by James Smith, 1860
Great and godly men have always been tried men; and generally the greater the grace, and the more elevated the station — the greater the trials. We sometimes overlook this, when we long to be exalted, and employed in public. Little men make much, and talk much of little trials; but great men, very gracious men, suffer in silence, and hide their sorrows from others. How much we read of the trials of the Lord's people in his word, the tests they were put to, the crosses they had to carry, the faith they exercised, the courage they displayed, and the patience they manifested.
How honorably Paul speaks of Abraham, "By faith, Abraham, when he was tried, offered up Isaac; and he who had received the promises offered up his only begotten son, of whom it was said, That in Isaac shall your seed be called." Hebrews 11:17,18.
Abraham's Trial. "God tested Abraham." To test here is to try, to examine, to prove if genuine, if strong. The nature of some things have to be proved, and the strength of others, because there are counterfeits. There is counterfeit grace, and weak grace. God therefore tries grace, and proves it to be genuine, he tries it also that we may know its strength. God had promised Abraham a son, he had waited long, he had received the son promised, and that son was the joy of his heart, and the sunshine of his house. He was now near to manhood, a fine, healthy, lovely lad — enthroned in his mother's heart, and the stay of his father's old age. God now requires that son to be given up — to be given up in sacrifice — to be sacrificed by his father's own hand!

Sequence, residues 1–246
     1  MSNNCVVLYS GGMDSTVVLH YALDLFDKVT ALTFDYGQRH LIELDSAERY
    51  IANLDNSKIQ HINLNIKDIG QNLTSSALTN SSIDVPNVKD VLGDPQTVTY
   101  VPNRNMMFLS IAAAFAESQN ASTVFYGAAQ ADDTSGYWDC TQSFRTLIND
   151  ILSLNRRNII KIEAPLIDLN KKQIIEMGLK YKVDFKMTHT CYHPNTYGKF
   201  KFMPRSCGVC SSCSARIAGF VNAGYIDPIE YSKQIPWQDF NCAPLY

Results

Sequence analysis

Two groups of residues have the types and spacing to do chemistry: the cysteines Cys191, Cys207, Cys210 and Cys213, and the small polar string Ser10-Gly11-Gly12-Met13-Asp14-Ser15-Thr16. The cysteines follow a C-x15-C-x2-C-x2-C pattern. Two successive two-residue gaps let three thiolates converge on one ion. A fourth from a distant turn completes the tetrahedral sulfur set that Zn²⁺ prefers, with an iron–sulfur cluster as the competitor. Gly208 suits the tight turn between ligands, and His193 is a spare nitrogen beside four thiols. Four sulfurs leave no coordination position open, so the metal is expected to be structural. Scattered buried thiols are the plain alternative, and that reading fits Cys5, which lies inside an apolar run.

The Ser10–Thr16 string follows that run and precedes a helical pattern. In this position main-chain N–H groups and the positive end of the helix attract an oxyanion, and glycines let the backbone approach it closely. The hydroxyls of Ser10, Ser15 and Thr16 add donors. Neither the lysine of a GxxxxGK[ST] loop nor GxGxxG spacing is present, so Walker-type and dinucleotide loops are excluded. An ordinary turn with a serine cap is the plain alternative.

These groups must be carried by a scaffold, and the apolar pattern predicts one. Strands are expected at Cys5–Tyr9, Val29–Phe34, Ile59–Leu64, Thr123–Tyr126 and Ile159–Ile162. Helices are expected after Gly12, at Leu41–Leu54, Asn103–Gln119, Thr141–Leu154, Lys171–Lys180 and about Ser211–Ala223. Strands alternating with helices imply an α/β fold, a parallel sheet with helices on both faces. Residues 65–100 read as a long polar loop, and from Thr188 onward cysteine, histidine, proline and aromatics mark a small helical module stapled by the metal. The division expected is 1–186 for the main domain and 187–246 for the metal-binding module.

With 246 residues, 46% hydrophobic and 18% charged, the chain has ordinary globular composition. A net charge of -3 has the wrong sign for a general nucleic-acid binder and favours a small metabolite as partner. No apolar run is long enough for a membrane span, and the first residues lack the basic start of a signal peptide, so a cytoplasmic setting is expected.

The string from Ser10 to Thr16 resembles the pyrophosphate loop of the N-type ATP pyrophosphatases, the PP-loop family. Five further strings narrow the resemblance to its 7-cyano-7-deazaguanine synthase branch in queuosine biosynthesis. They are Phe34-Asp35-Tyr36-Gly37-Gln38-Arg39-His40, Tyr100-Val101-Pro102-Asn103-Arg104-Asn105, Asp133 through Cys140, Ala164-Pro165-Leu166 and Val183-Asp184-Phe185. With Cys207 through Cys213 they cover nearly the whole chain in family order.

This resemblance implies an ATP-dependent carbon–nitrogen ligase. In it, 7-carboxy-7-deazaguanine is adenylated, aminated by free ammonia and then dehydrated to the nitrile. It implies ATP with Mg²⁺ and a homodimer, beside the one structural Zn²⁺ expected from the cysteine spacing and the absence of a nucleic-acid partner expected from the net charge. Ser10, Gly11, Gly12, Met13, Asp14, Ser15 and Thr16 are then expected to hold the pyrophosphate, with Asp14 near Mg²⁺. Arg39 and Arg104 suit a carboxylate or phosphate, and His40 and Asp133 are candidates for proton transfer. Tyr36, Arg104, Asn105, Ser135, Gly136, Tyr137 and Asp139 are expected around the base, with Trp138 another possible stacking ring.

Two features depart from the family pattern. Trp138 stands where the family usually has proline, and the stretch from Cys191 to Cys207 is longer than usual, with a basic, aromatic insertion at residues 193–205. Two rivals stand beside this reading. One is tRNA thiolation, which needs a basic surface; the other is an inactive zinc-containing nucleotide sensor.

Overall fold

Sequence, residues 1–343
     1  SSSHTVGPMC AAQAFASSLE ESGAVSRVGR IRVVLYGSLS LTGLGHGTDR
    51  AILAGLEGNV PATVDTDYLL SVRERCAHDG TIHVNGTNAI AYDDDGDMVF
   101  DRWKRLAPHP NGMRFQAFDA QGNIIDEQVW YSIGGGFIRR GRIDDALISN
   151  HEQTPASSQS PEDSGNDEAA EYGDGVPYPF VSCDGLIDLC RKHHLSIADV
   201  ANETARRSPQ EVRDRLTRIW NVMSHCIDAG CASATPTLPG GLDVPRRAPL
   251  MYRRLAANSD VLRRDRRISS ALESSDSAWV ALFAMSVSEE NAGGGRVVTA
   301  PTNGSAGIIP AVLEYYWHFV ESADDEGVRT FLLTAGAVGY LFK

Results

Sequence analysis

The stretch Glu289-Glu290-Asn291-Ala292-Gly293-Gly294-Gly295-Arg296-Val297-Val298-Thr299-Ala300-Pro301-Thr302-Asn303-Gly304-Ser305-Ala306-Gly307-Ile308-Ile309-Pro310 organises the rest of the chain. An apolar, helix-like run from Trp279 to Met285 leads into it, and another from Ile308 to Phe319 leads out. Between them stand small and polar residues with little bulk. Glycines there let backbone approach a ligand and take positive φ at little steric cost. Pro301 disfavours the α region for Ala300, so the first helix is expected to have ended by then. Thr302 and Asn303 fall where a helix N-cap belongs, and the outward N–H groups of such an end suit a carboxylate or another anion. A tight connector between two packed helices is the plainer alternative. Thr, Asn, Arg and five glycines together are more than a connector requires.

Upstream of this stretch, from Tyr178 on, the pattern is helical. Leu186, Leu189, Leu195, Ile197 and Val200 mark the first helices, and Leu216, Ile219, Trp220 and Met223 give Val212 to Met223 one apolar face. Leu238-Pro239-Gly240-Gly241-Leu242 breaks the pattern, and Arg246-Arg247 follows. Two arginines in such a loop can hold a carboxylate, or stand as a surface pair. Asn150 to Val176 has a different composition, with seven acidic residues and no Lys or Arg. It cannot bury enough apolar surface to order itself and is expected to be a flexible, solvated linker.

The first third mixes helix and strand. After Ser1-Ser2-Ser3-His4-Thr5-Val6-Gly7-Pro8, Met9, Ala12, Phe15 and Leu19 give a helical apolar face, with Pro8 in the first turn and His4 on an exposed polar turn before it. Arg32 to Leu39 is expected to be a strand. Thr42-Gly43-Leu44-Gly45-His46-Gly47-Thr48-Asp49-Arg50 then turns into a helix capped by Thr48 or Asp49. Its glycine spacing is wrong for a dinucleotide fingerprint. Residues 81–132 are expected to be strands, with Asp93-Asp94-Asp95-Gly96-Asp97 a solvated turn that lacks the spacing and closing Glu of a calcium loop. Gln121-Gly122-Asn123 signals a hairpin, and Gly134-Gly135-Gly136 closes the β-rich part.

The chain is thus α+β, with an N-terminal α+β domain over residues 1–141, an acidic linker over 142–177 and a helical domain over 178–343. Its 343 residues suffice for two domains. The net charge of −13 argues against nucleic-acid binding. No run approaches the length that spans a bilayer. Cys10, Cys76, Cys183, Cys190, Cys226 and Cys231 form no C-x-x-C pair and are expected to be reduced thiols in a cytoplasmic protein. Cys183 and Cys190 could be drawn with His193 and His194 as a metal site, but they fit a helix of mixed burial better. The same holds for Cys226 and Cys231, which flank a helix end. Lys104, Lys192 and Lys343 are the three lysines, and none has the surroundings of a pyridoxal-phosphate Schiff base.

Think of sacrificing a son, an only son, a son such as Isaac was. Yet Abraham was required to take him from his home, travel with him three days, and at the end of that time, offer him as a sacrifice on the top of the mountain pointed out. This was the trial, and the command seems to have come upon him suddenly, and when it was not at all expected. Perhaps just after the father and son had been enjoying each other's company and conversation in a particular way. How mysterious often are the ways of God! How frequently the command is given, or the sacrifice required, without any reason being assigned. Abraham was thus tried, now observe,
His honorable conduct. "He offered up Isaac." He offered him up as required. He offered him up where he was directed. He offered him up without questioning, or asking the reason why — without interceding, that his Isaac may be spared — without praying to be spared the trial. He seems to have obeyed the command readily — without hesitation or delay; calmly — without excitement or confusion; piously — from a right motive, and that God may be glorified; consistently — with his profession, character, and high standing as the friend of God. How much depends on the spirit in which we present our sacrifices! How frequently all is spoiled by the motive from which, or the manner in which, we present our offerings to God. How much more ready we are to receive from God, than we are to return anything to God. We laugh when he gives us our Isaacs — but we weep when he requires us to return them to him; whereas we should be as willing to surrender, as to receive. Wotice now,
The principle of action. "By faith, Abraham, when he was tried, offered up Isaac."